'I'm always looking for the Hows and the Whys and the Whats,' said Muskrat, 'That is why I speak as I do. You've heard of Muskrat's Much-in-Little, of course?'
'No,' said the child. 'What is it?'
- The Mouse and his Child. Russell Hoban.

Go here to find out more.

Thursday, 21 January 2010

Cannon-netting at Miranda


Last Monday the high tide at Miranda was due about 10.30 am. So in order to lay the net down on the shell bank and be off long before the birds came up to roost, I had to become upright at a time usually reserved only for quick nips to the bathroom, i.e. 5 am.


It wasn't easy, especially in view of Estella's excellent cognac and even more excellent conversation with Keith Woodley the evening before early that same morning.

But somehow I, the ten participants of the course, and about the same number of old hands, plus the tutors, had breakfasted and were up to our calves in water by 6.15am, carrying a quantity of essential paraphernalia. The hills were obscured by a light haze of rain as Adrian Reigen, Keith and Steve walked the shell bank, deciding on the best place to site the nets. Cannon netting is a fine art and things don't always go to plan. Wind strength and direction are the main factors to take into account.


The two nets were then carefully positioned with the open side of their covers in the correct direction so the nets would be yanked out properly. Weights were attached to the leading edge of the nets and dropped into the cannons which had been aimed carefully and then buried up to their mouths. The plan is that when they went off, the nets would cover a good number of birds, yet not land in the water. We didn't want any drowned birds!

And then everything was lightly covered with shells - camouflaged, so that when the tide came up and the wading birds were pushed off the tidal flats to roost on the shell bank, they wouldn't notice it there.

Now you see the cover over the net...


... and now you don't.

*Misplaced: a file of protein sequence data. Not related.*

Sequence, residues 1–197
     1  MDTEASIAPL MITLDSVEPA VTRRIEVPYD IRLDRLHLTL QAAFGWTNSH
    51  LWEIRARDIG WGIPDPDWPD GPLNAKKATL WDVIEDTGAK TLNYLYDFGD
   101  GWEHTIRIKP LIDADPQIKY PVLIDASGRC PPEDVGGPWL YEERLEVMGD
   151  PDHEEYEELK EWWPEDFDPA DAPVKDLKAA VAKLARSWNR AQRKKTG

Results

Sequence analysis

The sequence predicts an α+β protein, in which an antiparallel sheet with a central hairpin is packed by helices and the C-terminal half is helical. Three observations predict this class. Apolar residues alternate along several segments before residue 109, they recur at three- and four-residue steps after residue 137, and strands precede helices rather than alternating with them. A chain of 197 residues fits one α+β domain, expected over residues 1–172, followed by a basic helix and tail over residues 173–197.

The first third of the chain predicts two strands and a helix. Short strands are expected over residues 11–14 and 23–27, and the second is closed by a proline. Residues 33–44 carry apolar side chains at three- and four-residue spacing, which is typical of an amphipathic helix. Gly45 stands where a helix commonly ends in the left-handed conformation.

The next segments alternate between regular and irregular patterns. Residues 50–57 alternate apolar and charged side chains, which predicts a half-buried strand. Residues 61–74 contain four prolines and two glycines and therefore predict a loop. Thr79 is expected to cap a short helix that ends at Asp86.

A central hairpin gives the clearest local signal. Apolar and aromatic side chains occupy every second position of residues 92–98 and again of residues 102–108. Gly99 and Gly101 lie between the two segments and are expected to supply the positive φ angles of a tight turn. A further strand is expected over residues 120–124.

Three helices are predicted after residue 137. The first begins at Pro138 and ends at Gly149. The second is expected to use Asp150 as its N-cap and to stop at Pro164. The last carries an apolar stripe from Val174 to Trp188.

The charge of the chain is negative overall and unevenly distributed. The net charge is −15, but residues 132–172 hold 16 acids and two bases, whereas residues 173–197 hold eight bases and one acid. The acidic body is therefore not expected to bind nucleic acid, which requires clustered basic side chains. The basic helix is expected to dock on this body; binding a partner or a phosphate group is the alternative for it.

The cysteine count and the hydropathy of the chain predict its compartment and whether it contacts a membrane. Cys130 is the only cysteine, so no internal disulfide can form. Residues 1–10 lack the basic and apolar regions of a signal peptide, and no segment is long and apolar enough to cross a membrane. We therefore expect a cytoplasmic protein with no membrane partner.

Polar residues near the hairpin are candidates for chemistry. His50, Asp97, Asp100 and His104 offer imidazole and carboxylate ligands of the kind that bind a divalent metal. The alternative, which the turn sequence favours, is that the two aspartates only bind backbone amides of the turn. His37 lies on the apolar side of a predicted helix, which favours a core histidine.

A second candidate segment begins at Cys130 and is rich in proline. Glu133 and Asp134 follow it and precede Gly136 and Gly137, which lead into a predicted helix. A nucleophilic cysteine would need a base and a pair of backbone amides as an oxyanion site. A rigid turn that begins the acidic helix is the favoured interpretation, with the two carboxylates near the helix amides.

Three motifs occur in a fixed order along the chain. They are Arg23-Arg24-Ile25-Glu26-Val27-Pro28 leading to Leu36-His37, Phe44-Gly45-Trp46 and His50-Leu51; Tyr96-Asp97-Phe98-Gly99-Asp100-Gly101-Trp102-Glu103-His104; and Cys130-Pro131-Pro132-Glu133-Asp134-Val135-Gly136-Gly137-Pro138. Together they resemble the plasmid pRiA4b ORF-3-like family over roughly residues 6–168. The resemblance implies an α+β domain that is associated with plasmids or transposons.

Then it became just a matter of retiring to a more distant spot with the wires, and literally keeping a low profile and waiting. And waiting. It got pretty cold and the drizzle didn't help much.


After a while there was some action. The waders began to arrive in flocks. They wheeled in; godwits, wrybills, a smattering of herring gulls, a few red knots and lots of the smartly-dressed SIPO - South Island pied oystercatchers - to preen and doze with their bills under their wings.

Unfortunately after that things didn't go exactly as hoped ...



Part 2 tomorrow.

4 comments:

  1. Hang on - Keith Woodley seems to be figuring prominently in this ongoing tale. Is he sweet on you and are you sweet on him? Never mind the birdlife - what we want to see is passion!

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  2. Are all Yorkshire men as direct as you YP? It's a lovely idea, and anything's possible, but I mention Keith by name because he is a Famous Author.
    And if you want passion, you should talk to any twitcher! They are absolutely passionate about birds!
    But I suspect this kind is not what you want. Perhaps I should have a word to Shirley.

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  3. We were just up your way last week. I must say the weather was better then!
    I am quietly waiting for part 2 of your story!

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  4. Ah! Have just been to visit you. I'm quietly waiting for more of YOUR travel story too Bettyl!

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